Now, this post is all about the art of cuisine. In the end, nations like the French or Italians, renowned for their artistic achievements, are also famous for their cuisine. This suggests a necessary link between food and art. Additionally, this year has been the first in my time in England when I could cook whatever I wanted and experiment without anything holding me back. As I was celebrating Christmas on my own, I therefore decided not to cook any traditional Christmas roasts, but to opt for something different. I cooked borsch, and then, practically on the spur of the moment, I decided to cook gammon in orange, ginger and honey (I was going to roast it at first). According to the original recipe, I needed to marinate gammon in lemon and garlic, but I didn’t have lemons at hand; I used an orange instead. And at a later stage of cooking I needed to add cognac; I used a mix of red wine and vodka. I also added a bit of red wine vinegar to the marinade. And although I am the only one to certify, I can assure you: this gammon is absolutely delicious!

What I used :

– a whole piece of unsmoked gammon (750 g)
– 6 garlic teeth
– 1 tea spoon of red wine vinegar
– 1 orange
– 2 red hot chilli peppers
– 2 table spoons of honey
– 2 table spoons of finely grated ginger
– 50 ml of red wine and 50 ml of vodka (or 100 ml of cognac)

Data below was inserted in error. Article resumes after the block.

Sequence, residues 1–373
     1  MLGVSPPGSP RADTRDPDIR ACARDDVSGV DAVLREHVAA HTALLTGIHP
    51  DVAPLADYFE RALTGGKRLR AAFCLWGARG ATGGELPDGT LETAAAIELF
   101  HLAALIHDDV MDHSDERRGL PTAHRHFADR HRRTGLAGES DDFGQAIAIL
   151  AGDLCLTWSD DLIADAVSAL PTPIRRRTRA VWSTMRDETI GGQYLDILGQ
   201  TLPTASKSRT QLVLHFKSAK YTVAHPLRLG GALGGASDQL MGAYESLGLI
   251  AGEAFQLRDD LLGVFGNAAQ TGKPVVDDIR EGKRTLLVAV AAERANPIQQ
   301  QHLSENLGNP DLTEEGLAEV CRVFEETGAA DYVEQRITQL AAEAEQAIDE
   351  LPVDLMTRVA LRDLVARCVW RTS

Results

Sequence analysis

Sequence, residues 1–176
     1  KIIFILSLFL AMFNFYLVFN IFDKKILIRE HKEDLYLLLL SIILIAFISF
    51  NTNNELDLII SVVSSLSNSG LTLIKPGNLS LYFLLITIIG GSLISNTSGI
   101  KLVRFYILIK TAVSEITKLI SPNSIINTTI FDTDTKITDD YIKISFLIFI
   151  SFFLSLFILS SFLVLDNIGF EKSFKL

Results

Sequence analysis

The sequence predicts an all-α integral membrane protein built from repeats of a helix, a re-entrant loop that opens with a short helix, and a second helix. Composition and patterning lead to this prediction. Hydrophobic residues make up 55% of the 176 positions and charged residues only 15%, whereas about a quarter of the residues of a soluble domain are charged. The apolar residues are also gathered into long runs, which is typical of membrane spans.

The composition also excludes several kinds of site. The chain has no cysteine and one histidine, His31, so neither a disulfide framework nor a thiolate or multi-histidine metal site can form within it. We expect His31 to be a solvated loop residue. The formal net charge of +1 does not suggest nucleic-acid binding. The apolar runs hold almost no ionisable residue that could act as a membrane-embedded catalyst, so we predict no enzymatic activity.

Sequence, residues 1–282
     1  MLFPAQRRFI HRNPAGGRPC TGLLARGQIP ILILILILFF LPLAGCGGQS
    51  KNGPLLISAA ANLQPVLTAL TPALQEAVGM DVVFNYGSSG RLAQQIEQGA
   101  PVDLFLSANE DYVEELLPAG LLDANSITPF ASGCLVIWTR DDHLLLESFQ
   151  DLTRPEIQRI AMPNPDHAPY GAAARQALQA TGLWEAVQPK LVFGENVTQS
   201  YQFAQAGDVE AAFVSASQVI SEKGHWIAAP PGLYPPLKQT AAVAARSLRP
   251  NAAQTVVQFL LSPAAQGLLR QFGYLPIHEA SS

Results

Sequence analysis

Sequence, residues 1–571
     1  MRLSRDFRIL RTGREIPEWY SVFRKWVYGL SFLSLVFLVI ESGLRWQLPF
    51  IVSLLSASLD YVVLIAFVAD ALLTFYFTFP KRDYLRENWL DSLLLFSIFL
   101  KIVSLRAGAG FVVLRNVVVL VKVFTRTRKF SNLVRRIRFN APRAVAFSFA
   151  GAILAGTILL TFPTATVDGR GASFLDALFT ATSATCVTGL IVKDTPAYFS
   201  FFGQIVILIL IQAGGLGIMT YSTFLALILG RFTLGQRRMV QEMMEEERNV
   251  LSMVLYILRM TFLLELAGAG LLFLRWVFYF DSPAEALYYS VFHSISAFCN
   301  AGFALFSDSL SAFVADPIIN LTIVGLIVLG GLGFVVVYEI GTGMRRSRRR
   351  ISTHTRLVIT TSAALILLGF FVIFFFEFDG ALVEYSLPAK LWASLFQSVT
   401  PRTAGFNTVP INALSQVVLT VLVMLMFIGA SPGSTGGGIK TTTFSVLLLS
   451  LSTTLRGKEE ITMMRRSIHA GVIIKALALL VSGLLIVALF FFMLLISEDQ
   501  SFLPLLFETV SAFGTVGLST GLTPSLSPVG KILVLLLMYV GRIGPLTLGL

– olive or other vegetable oil for frying (actually, I mixed olive and sesame seed oils)

How I cooked it:

1. I cut gammon in four pieces, put them in a hermeutic bowl, squeezed 1 orange, added finely cut 6 pieces of garlic, 1 tea spoon of vinegar, and put the covered bowl into a fridge for 45 mins, to marinate.
2. In the meantime, I grated ginger, cut 2 red chillies, and mixed them with 2 table spoons of honey and the red wine&vodka blend.
3. After 45 mins of marinating, I took gammon out and fried it in the mix of olive and sesame seed oils until gold.
4. Shortly before the gammon was ready, I heated up the sauce in a pan and added the hot blend to a frying pan with gammon.
5. I preheated the oven to 180C, covered the pan with foil, and put in the oven to cook for another 40 mins.

To accompany this gammon, I fried potatoes and carrots (cut in cubes). I also made a salad (1/2 of fresh cucumber, 4 gherkins, 1/2 can of sweetcorn, 3 reddishes, a few black olives, mixed together with mayonnaise), and there was apple sauce and some sweet pickle. But you can garnish the meat with mash or boiled vegetables, or just some green salad.

I hope you let me know if you tried this… Please do.

P.S. Ideally, you’d have a frying pan with the lid and a detached handle. But you can follow in my footsteps, or put gammon in a backing tray.

P.P.S. Speaking of Italians – my Italian friend in Manchester has finally fallen victim to my paeans to blogging, and started his own blog – Saffron Chicken and Unwritten Novels. So far it has only got one recipe to go with, but I heard Marco is going to share more with us. I’m sure this will be one of his New Year resolutions, especially now that you’ve heard of him. 🙂


Have a Very Merry Christmas!

My dear readers and visitors,